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This lab course supplements Introduction to Molecular and Cellular Biology. Although it does not replicate a true lab experience, it does enable further exploration of some key principles of molecular and cellular biology. In each unit, the student will work through tutorials related to important scientific concepts, and then will be asked to think creatively about how those concepts can be put to practical or experimental use. This lab course also contains activities devoted to learning important techniques in scientific study such as microscope use, DNA extraction, Polymerase Chain Reaction, and examination of DNA microarrays. Upon successful completion of this lab supplement, students will be able to: Identify the important components of scientific experiments and create their own experiments; Identify the molecular differences between proteins, fats, and carbohydrates, and explain the molecular behavior of water; Describe the process of photosynthesis; Describe the process of cellular respiration; Identify the differences between DNA and RNA; Describe the entire transcription/translation process, from gene to protein; Explain how recombinant genomes are formed; Use critical thinking to find ways that any of the above natural processes might be altered or manipulated; Explain how to use a compound light microscope for data collection; Explain how to conduct and use various experimental techniques, including DNA extraction, PCR, and DNA microarrays. (Biology 101 Laboratory)

Subject:
Biology
Genetics
Natural Science
Material Type:
Full Course
Provider:
The Saylor Foundation
Date Added:
04/29/2019
Microbiology
Unrestricted Use
CC BY
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This course will cover a range of diverse areas of microbiology, including virology, bacteriology, and even applied microbiology. This course will focus on the medical aspects of microbiology, as medical research has been the primary motivator in microbiology research. Upon successful completion of this course, the student will be able to: explain how organisms are classified using taxonomy, focusing on the domains Archaea, Bacteria, and Eukarya; describe the chemical building blocks and metabolic processes important to sustain microbial life; identify the major principles of microbiology and describe the relationship between microbes and other living organisms; discuss pathogenic microbes and their epidemiology; differentiate between microorganisms based on their shape, size, arrangement, staining, and culture characteristics; outline antimicrobial methods including antibiotic use; explain how the human body protects itself; list uses for microbiology in food and beverage preparation and industry. (Biology 307)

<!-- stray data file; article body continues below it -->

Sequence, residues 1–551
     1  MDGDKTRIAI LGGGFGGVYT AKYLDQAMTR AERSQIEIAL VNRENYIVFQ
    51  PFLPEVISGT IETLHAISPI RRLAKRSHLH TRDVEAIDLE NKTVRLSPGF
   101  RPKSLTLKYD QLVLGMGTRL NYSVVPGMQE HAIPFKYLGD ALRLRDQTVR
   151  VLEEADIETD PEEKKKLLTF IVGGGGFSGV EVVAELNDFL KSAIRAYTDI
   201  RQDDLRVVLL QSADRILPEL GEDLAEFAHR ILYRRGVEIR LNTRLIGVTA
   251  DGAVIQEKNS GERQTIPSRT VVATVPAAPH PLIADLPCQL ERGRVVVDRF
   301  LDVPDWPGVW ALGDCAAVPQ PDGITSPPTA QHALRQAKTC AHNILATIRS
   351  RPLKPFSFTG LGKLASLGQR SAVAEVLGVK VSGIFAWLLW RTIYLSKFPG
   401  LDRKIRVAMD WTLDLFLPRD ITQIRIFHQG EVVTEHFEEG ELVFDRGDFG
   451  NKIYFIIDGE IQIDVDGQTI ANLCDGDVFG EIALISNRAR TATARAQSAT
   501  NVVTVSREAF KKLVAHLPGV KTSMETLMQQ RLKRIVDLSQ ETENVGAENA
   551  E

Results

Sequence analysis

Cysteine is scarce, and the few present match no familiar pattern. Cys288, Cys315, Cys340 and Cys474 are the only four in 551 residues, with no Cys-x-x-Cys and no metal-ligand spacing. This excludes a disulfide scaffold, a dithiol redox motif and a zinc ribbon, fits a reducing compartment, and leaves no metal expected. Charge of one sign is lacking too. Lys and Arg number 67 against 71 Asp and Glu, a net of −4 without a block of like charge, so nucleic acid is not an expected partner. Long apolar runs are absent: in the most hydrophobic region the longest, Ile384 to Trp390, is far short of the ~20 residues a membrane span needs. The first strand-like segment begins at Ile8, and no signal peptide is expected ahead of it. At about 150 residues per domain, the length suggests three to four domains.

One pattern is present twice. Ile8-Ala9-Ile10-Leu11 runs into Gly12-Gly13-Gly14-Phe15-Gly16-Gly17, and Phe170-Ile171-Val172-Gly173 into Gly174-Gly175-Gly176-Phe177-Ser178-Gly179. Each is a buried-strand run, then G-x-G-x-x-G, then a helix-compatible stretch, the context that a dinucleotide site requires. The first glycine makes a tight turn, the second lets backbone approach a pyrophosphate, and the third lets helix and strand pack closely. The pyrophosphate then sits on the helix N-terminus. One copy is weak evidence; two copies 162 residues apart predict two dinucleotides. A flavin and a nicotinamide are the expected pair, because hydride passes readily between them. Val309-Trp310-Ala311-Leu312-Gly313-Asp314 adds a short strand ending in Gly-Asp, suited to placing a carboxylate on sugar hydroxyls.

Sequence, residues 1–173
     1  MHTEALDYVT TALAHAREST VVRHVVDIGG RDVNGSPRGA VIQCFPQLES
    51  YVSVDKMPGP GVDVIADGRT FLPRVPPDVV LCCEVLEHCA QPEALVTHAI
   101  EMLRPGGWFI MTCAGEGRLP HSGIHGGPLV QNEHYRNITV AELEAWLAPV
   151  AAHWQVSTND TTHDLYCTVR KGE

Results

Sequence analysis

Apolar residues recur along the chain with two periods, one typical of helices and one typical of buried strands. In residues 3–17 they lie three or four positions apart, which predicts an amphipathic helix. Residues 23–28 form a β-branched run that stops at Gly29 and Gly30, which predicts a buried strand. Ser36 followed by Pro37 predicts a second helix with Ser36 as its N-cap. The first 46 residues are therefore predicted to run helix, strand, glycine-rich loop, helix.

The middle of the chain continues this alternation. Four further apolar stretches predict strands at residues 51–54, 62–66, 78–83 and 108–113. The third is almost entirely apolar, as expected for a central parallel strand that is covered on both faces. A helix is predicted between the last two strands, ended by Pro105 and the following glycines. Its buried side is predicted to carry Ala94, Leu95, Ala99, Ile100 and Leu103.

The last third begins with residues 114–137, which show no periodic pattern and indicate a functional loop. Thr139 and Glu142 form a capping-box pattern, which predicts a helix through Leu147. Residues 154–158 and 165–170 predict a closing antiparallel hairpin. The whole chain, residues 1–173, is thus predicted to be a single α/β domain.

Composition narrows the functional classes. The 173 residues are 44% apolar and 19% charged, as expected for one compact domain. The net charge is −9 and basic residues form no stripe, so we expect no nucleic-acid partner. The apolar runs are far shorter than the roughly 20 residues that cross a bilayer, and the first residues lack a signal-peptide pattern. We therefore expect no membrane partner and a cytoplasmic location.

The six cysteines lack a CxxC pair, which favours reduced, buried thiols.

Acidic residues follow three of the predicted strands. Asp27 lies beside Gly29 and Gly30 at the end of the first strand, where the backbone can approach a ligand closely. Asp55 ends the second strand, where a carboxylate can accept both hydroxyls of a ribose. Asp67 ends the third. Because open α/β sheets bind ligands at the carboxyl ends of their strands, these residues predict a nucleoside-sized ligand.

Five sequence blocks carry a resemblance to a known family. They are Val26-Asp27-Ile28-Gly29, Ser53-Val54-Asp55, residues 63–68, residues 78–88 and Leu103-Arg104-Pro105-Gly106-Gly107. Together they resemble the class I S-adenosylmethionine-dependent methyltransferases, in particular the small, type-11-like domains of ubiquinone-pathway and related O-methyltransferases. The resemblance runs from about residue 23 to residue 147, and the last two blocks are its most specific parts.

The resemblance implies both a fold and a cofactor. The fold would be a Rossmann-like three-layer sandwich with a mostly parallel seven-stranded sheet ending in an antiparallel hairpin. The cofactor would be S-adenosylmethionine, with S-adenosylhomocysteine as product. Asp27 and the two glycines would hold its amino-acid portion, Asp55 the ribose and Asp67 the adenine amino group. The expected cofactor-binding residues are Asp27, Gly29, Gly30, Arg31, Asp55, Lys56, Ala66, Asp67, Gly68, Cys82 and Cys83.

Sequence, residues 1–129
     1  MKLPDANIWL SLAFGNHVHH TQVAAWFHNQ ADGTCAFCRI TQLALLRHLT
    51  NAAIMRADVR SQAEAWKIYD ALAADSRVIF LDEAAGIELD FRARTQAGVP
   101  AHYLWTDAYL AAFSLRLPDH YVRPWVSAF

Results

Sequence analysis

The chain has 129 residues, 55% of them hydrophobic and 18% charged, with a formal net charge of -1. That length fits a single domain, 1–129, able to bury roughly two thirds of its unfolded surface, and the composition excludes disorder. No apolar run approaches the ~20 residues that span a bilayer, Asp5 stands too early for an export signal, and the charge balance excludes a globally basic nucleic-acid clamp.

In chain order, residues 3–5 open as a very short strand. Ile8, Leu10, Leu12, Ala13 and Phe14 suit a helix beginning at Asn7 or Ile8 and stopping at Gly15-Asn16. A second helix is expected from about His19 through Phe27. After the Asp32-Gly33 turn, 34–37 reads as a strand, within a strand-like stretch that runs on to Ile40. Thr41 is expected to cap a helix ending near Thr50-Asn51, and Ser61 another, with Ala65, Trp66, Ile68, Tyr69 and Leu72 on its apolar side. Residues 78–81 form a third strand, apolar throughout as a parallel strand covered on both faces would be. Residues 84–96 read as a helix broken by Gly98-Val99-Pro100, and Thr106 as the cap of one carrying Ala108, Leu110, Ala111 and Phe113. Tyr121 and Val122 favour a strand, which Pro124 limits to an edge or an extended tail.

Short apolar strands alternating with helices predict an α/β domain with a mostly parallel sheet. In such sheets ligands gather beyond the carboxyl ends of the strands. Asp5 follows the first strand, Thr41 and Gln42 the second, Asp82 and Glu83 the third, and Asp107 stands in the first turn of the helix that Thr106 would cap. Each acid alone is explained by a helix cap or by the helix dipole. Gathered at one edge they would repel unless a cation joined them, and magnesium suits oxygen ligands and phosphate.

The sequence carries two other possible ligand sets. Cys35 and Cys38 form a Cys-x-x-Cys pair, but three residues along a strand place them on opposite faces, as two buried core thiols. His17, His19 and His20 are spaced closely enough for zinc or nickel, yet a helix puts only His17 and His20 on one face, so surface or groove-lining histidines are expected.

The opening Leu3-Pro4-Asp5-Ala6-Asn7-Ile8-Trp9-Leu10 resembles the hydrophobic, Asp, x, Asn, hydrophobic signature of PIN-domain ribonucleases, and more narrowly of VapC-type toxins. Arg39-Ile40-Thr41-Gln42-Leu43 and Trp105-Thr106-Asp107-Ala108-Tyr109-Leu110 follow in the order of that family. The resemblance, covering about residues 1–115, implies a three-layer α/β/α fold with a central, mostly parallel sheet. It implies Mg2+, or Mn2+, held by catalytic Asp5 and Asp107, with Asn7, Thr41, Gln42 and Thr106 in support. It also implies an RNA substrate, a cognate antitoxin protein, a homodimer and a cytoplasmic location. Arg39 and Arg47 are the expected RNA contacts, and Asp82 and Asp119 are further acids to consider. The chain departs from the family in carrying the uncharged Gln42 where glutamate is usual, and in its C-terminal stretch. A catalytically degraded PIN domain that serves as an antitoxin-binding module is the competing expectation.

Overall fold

Subject:
Biology
Natural Science
Material Type:
Full Course
Provider:
The Saylor Foundation
Date Added:
04/04/2019
OpenStax Biology
Unrestricted Use
CC BY
Rating
0.0 stars

Biology is designed for multi-semester biology courses for science majors. It is grounded on an evolutionary basis and includes exciting features that highlight careers in the biological sciences and everyday applications of the concepts at hand. To meet the needs of today’s instructors and students, some content has been strategically condensed while maintaining the overall scope and coverage of traditional texts for this course. Instructors can customize the book, adapting it to the approach that works best in their classroom. Biology also includes an innovative art program that incorporates critical thinking and clicker questions to help students understand—and apply—key concepts.

Subject:
Biology
Natural Science
Material Type:
Full Course
Author:
Julie Adams
Summer Allen
Date Added:
10/03/2018
Principles of Pharmacology, Spring 2005
Conditional Remix & Share Permitted
CC BY-NC-SA
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An introduction to pharmacology. Topics include mechanisms of drug action, dose-response relations, pharmacokinetics, drug delivery systems, drug metabolism, toxicity of pharmacological agents, drug interactions, and substance abuse. Selected agents and classes of agents examined in detail.

Subject:
Chemistry
Physical Science
Physics
Material Type:
Full Course
Provider:
M.I.T.
Provider Set:
M.I.T. OpenCourseWare
Date Added:
01/01/2005